Program business often goes beyond the class code to subclasses. The smartest program insurers apply analytics to public data sources and their own proprietary data to find pockets of opportunity that others missed. Instead of going after the entire long-haul trucking market, for example, perhaps there is an opportunity in the underserved small-fleet niche. (That’s what Instec client Aon Affinity discovered when they launched their motor-carrier program last year.)   

In contrast to this market-first approach, a product-first approach starts with generic bureau content and adds custom rates, rules, and forms that can be applied to the appropriate class codes. (This is the approach Instec client Arrowhead took in creating a product to address its diverse small- and mid-sized commercial business book.)

Neither of these approaches would be effective if it weren’t for the deep market knowledge that program writers possess. Stroll through their offices, and you’ll see the artifacts of past claims on display – the broken bolt that caused a production line shutdown, the stray nail from a construction site that prompted a rush to the hospital. These insurers often know their customers’ markets better than the customers themselves.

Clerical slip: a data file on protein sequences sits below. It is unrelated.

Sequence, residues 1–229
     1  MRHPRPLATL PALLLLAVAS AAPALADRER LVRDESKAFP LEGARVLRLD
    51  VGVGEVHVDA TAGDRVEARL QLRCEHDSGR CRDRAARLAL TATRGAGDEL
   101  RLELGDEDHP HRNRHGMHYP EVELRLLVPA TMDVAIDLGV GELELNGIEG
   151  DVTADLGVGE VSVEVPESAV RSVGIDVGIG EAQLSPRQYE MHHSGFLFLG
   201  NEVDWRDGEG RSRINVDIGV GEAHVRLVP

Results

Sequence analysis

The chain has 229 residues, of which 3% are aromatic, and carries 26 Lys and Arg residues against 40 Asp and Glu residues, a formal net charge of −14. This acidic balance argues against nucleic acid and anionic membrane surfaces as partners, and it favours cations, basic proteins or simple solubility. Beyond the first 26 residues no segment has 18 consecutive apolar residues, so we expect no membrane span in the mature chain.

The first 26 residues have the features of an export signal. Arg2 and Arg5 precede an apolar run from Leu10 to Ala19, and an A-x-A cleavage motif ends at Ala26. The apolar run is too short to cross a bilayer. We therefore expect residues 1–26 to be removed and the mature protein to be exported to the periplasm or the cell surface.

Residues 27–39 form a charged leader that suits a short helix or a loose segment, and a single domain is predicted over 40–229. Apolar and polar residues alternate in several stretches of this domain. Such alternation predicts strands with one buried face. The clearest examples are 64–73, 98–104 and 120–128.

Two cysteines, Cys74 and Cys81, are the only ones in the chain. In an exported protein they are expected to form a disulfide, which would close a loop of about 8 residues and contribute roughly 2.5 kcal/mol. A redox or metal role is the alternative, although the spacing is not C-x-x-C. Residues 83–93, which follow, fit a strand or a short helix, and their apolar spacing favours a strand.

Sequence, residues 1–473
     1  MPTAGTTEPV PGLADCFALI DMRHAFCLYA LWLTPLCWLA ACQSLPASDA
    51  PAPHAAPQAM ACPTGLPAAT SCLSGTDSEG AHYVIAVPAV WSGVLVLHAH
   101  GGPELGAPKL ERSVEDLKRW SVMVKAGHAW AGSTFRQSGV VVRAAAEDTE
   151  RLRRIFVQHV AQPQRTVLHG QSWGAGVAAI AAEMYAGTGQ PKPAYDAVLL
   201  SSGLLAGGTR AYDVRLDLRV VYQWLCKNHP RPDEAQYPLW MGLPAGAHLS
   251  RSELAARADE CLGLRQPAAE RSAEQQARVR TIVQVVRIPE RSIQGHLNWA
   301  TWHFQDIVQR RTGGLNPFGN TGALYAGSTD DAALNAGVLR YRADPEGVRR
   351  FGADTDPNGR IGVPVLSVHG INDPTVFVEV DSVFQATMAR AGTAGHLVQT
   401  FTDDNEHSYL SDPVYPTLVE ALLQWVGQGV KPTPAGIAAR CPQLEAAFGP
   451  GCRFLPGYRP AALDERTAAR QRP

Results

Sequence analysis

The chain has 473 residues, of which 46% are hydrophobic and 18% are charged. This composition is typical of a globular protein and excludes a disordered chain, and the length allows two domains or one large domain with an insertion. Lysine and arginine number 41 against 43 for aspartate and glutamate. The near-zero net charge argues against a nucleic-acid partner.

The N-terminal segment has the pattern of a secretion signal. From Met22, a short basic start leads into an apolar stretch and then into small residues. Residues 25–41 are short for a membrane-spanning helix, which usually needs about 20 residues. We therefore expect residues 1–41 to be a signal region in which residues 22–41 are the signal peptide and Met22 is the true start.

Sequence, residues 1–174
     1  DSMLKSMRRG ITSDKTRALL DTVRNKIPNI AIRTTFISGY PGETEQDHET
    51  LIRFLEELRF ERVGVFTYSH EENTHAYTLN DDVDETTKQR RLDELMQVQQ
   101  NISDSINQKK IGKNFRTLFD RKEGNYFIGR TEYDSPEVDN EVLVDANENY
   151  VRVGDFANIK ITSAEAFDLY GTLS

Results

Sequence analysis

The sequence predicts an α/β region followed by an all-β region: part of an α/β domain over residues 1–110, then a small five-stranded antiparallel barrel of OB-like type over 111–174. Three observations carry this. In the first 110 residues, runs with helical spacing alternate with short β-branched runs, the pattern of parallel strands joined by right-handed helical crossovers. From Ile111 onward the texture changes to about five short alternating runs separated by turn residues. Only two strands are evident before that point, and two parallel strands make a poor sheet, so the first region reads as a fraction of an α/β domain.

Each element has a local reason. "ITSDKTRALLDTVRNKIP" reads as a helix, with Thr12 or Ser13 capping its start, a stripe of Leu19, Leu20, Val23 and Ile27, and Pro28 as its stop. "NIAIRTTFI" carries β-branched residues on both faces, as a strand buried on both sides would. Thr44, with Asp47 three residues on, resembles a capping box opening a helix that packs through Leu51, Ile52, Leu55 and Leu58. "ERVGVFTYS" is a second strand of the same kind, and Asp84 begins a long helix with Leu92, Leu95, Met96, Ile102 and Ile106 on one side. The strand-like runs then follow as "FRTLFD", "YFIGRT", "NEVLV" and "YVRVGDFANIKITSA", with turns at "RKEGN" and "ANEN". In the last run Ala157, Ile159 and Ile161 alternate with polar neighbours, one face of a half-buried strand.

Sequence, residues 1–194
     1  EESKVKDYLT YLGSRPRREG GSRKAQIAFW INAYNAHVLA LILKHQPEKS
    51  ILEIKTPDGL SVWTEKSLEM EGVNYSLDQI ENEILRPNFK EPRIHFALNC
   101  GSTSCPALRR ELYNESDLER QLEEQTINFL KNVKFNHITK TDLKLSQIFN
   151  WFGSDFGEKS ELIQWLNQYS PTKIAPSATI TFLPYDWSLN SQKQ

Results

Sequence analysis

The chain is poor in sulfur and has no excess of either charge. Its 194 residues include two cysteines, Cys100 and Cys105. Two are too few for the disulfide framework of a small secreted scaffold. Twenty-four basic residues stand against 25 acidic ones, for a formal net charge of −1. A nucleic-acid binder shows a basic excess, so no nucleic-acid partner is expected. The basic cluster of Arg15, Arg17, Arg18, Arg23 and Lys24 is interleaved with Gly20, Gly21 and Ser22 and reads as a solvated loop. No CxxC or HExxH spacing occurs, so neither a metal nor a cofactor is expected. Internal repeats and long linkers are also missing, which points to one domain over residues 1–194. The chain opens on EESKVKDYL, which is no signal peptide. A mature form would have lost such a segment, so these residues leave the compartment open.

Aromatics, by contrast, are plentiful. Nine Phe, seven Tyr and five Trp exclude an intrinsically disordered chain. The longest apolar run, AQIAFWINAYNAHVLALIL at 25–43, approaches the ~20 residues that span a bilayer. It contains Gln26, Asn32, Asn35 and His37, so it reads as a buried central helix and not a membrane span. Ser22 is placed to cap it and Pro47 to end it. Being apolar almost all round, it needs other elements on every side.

All of this market knowledge also influences the services program writers provide. Policies may need to be issued on short notice. Billing may need to accommodate a unique business cycle. Claims may need to address a critical business recovery need – refrigeration at a florist, for example.  

The Takeaway

Put all of these elements together, and you have a product that creates a more attractive experience for the customers they serve. (Of course, pursuing programs also takes the right kind of system. And that’s the topic of several prior posts. See “Never Ending Niches“, for example.)